• "Another case of a special prosecutor running amuck. This is why special prosecutors have become so rare in Washington.... once they're appointed, they're determined to find some violation or another and keep the gravy train rolling."
• "Certainly the initiation of the indictment was politically motivated. As for the Special Prosecutor, he is either grossly misguided in his review of the law or he is a political pawn...neither is good."
• "Forget it, Jake. It's Chinatown."
• "Every aspect of this situation, the veto, the threat to restore funding, the complaint, the empaneling of a grand jury, the indictment - it's ALL politics."
• "Probably not. I think it's a weak case, but there's probably an argument to be made. The Grand Jury certainly thought so. Perry's attorney should take it seriously."
• "Yes, it is a 'Travis-ty!' A grand jury in Travis County would indict Rick Perry on any charges brought if there was a legal theory presented and no one arguing the other side."
How do you think the indictment will affect his chances in the 2016 presidential race?
• "It'll help in the primaries, but if (God forbid) he were to make it to November, he's be toast."
• "After people see the Lehmberg video, they'll understand why he and rational folks lost confidence in her ability to oversee the PIU. It will help with his fundraising. It will shore up support among the base. And it will help sway swing voters during the general election (should he get the nomination)."
• "Initially, it will rally most Republicans, buying into the pro-Perry rhetoric, but, in the long run, it will be just one more question mark about his judgment on the road to too many. I think he's probably toast with the people who have the money."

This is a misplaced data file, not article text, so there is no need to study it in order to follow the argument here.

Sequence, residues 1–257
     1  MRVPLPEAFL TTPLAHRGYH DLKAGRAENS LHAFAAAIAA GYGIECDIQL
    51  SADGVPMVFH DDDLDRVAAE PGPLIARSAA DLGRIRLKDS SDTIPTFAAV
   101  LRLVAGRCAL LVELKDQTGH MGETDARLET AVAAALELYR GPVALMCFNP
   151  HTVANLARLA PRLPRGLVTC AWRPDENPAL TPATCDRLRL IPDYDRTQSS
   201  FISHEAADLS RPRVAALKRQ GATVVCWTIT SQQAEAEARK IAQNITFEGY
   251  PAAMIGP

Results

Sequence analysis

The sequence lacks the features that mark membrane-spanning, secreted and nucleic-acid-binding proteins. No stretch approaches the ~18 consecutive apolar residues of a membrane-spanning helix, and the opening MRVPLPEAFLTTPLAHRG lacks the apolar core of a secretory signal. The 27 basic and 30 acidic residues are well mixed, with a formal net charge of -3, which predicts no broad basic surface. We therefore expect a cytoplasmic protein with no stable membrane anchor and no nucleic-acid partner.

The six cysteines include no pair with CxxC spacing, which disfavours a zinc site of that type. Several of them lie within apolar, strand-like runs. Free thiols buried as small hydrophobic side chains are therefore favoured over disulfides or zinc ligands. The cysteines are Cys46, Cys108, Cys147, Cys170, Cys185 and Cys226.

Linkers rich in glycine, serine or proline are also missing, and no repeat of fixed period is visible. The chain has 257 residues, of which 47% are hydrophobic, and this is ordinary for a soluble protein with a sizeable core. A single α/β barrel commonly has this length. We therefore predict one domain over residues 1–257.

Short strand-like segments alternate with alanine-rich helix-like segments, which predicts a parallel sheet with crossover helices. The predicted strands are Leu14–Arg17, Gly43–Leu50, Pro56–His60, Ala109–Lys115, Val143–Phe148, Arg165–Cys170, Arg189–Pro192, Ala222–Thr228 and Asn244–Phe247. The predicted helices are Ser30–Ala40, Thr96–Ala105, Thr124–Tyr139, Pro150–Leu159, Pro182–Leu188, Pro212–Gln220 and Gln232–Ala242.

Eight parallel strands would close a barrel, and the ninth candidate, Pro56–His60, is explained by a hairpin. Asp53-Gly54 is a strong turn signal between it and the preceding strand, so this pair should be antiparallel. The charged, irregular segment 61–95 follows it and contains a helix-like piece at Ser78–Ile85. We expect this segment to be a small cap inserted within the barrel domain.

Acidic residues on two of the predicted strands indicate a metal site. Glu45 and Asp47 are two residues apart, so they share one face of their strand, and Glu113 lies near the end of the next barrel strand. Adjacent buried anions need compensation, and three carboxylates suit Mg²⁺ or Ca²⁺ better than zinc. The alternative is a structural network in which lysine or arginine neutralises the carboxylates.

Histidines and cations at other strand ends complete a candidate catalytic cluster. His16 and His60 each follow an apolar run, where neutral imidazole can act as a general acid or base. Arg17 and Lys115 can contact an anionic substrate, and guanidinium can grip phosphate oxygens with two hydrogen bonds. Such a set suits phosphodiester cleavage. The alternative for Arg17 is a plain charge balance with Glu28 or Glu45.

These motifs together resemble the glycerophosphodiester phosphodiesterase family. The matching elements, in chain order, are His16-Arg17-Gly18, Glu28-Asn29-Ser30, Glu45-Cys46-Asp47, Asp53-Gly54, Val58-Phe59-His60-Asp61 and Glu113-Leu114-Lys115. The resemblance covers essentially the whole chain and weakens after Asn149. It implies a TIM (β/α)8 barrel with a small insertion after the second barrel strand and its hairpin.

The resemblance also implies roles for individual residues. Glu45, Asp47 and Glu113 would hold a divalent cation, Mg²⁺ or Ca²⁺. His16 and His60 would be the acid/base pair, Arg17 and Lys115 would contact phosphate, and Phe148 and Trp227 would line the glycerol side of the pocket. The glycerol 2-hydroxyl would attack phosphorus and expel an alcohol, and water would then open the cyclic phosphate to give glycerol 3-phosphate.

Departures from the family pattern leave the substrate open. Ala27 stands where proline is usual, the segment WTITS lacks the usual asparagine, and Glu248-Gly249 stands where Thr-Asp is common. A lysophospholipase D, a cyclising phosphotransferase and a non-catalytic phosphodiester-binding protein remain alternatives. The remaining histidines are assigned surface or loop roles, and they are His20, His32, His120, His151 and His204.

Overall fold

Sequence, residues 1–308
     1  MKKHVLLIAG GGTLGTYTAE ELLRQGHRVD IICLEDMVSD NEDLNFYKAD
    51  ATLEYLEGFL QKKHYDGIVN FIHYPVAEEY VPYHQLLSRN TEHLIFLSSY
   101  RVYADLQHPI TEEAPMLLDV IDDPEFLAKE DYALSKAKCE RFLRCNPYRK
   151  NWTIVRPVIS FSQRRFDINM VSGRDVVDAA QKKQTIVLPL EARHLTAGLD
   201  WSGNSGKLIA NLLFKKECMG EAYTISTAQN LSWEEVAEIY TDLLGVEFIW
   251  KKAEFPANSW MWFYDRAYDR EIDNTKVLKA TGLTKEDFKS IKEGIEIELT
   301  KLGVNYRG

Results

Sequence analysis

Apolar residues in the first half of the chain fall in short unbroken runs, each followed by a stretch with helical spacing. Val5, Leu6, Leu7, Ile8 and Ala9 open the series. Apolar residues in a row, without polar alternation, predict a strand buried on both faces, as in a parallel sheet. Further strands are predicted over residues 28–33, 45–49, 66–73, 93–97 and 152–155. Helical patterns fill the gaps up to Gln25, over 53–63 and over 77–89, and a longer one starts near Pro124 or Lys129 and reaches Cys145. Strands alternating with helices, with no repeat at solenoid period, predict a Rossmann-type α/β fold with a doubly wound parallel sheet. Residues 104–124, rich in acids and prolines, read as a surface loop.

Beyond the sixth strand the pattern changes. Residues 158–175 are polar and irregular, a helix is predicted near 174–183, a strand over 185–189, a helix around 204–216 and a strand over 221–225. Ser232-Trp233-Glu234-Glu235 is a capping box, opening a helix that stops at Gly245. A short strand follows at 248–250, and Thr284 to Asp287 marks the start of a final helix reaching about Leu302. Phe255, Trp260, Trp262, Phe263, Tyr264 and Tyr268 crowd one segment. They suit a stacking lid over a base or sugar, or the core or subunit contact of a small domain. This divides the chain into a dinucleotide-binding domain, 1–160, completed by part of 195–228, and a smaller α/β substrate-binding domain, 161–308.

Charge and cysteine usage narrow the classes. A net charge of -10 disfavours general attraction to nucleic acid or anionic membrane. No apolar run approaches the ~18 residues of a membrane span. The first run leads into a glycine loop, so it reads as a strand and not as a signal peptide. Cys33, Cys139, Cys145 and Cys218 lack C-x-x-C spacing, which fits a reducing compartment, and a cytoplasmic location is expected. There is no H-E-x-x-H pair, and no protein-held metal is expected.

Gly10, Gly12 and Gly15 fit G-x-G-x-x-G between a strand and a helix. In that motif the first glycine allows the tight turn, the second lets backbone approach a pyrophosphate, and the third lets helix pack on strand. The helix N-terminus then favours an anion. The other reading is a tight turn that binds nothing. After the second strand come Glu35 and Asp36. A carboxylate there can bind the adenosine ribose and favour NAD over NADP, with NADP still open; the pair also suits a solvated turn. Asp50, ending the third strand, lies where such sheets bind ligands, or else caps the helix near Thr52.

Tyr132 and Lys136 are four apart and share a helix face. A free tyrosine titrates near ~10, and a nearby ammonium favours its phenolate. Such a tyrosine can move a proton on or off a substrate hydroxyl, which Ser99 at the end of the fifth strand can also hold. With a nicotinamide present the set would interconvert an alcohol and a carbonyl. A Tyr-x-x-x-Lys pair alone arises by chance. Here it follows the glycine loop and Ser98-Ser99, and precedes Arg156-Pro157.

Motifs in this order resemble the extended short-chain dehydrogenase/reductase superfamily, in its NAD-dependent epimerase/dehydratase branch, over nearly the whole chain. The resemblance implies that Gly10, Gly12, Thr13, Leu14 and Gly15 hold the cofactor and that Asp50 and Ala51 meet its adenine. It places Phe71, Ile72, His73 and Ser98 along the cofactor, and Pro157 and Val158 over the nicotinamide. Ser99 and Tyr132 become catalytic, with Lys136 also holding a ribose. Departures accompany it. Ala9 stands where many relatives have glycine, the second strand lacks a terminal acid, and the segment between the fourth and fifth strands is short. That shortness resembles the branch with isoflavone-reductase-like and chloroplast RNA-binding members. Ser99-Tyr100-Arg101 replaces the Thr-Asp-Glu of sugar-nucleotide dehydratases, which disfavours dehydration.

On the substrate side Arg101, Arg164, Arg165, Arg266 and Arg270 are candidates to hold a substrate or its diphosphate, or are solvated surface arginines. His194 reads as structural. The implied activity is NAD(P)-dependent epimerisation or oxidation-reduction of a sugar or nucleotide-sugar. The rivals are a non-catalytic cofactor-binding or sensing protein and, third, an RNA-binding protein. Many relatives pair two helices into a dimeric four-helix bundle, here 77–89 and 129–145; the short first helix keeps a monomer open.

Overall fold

• "The charges are so ridiculous that they'll be ignored by most primary voters, and prove an asset to others."
• "It could help if he uses it as a platform to show he was right and stood up in the face of a political assault or a gross misreading of the law."
• "You can indict a ham sandwich. It will be fun to watch how the country as a whole responds to the video of the hapless, arrogant, mean spirited DA really goes viral."
• "We have a new trending hash tag that even Ted Cruz has used. This is clearly a good thing for Governor Perry."
• "He had no chance of being elected before the indictment, and nothing's changed."
• "Hard to run for President when you're in court."
• "It's a loser any way you look at it. The saving grace is the indictment's connection to the 20 plus minutes of belligerent, drunk behavior of the district attorney. Now that's great TV."
• "It's a sequel! Oops 2014."
Do you think Perry’s attempt to replace Lehmberg was politically motivated?
• "Not against Lehmberg personally, but the Public Integrity Unit in general. The GOP has been politically motivated for years, even pre-Lehmberg, to dismantle the Unit."
• "Everything has some ting of politics. Lehmberg opened the door for this."
• "Anybody in any other county would have been put out. The video is sickening to watch."
• "I guess if Perry were a Democrat, then it would have been based on principle, right?"
• "If she had not been caught drunk and on video screaming and cursing at police then the vetoing of the funding would have never happened."
• "Politics isn't a crime."